Our Ancestors Were Cannibals?
What we can learn about the Kuru virus...
The Fore tribe of Papua New Guinea practiced something in between ritual and survival cannibalism until the 1950s. Beginning in the 19th century, this group was partaking in ritual acts of mortuary cannibalism, which was later held to be responsible for the transmission of the fatal kuru epidemic. From approximately 1920 through the 1960s and epidemic of the prion disease kuru swept through the Fore, killing more than 200 people a year. Women and children were most vulnerable to the disease because they ate the most contaminated parts of the body- the brains, while men ate the best parts, including the muscle.
The brain diseases, called prion diseases, are characterized by loss of coordination, dementia, paralysis, and eventually death. The disease is caused by misshaped molecules that clump together and accumulate in brain tissue. These molecules are called prion proteins.
Scientists believe the misshapen prion proteins somehow cause normal prions to form incorrectly, making it easy for them to clump together. These clumps cause the formation of small cavities in the brain similar to holes in a sponge. Prion diseases are thought to be spread by eating the flesh of contaminated humans and animals and can also be passed down from one generation to the next through genetic inheritance. Humans with one normal copy and one mutated copy of the prion protein are protected against prion diseases. This polymorphism is found at a certain spot in the prion gene and is known as M129V. The study found that 23 out of the 30 women that had participated in the mortuary feast had one normal copy of the prion gene and one with the M129V polymorphism, suggesting that those who survived the kuru epidemic possessed a genetic resistance to the disease. (HTTP://new.nationalgeograhic.com/)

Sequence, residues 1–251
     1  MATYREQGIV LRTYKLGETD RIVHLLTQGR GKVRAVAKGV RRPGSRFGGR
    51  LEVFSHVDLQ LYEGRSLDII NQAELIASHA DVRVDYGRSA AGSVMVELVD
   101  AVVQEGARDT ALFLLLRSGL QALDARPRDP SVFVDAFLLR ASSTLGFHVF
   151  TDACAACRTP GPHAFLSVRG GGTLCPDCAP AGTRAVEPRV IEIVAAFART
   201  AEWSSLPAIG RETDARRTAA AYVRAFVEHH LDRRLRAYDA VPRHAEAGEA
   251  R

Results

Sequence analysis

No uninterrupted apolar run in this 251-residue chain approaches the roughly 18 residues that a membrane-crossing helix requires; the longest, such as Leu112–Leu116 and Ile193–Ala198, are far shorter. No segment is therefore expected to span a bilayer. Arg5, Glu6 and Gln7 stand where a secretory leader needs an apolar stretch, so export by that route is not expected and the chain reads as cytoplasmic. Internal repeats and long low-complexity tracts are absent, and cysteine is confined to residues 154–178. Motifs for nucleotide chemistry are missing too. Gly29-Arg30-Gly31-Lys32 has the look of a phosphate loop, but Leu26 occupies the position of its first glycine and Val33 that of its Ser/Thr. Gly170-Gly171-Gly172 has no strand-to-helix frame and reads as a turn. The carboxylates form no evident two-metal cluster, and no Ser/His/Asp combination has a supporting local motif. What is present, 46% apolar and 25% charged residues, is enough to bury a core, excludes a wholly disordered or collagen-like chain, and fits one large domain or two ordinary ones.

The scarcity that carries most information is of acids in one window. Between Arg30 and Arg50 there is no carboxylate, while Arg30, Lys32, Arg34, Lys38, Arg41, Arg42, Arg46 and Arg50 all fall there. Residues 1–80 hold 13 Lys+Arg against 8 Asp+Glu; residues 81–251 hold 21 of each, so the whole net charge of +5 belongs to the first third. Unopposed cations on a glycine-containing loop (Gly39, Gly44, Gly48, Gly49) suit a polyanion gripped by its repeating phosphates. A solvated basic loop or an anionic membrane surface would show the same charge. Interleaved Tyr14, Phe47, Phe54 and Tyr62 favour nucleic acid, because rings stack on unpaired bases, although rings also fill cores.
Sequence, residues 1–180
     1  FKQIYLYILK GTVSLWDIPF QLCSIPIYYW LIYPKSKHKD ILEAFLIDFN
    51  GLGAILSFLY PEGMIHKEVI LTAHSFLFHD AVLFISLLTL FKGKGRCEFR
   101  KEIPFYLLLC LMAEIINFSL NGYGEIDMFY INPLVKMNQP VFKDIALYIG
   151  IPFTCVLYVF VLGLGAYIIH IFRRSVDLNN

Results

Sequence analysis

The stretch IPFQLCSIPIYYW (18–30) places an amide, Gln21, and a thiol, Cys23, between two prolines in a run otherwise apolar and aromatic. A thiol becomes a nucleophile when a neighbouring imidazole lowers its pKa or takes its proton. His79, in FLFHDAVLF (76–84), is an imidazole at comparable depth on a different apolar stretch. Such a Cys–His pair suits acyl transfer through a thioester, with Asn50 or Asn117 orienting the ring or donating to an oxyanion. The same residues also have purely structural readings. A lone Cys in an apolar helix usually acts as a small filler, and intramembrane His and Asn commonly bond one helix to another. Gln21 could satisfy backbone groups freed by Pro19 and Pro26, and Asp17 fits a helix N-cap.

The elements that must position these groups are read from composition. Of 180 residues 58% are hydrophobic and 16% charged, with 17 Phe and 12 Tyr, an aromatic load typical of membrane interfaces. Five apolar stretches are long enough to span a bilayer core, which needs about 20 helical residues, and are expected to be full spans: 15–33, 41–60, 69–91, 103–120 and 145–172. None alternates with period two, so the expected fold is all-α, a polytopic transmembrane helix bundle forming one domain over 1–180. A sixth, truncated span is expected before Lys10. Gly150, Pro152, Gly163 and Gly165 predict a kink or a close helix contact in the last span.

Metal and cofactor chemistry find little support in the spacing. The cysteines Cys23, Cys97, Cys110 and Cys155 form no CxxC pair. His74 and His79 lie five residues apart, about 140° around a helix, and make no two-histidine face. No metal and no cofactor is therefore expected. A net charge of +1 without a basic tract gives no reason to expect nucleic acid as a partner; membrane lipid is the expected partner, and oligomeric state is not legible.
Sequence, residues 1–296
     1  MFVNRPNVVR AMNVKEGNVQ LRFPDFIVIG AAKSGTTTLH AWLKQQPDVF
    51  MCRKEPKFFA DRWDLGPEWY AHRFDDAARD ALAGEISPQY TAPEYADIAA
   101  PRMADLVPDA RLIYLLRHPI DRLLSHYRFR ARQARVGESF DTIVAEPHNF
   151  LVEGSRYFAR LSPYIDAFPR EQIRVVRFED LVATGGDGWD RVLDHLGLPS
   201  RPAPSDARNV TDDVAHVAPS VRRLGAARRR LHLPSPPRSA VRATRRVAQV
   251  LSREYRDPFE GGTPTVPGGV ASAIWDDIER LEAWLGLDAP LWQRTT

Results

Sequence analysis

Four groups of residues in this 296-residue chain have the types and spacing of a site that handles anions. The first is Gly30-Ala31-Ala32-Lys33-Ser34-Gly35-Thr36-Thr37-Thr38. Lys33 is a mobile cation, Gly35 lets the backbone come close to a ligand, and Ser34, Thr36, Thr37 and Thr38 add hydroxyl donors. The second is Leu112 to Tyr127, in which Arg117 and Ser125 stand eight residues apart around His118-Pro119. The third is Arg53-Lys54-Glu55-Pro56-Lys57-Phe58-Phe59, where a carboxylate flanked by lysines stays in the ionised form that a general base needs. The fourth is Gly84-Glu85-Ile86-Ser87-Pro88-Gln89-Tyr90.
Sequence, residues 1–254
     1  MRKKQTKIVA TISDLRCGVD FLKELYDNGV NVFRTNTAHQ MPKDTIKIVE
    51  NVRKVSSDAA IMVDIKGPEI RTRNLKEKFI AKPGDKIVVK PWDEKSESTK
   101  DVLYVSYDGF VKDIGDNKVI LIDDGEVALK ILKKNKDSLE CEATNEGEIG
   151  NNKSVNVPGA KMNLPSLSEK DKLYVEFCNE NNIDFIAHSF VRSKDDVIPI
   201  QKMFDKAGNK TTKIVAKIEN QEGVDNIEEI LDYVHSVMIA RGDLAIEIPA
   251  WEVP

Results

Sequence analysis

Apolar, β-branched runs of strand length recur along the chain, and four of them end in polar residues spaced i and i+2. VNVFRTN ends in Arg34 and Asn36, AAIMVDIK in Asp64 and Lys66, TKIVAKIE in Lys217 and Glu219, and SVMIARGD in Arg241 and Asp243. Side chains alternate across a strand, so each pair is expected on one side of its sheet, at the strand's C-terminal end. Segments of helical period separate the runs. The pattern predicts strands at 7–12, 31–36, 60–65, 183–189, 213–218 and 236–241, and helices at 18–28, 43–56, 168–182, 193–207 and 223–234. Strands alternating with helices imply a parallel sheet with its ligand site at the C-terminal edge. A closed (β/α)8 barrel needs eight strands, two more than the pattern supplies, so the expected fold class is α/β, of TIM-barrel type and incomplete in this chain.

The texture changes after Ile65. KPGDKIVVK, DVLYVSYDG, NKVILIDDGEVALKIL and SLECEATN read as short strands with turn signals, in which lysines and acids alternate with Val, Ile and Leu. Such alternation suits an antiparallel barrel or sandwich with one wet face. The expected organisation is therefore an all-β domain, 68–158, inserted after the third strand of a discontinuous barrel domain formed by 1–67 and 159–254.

The study found this M129V polymorphism is present in every population worldwide, and they believe that this polymorphism arose more than 500,000 years ago. Cannibalism is the most likely explanation for their discovery, and genes that protect against brain diseases that can be contracted by eating contaminated flesh would have been adaptive in our human past. The disease has all but disappeared in New Guinea with the termination of cannibalism.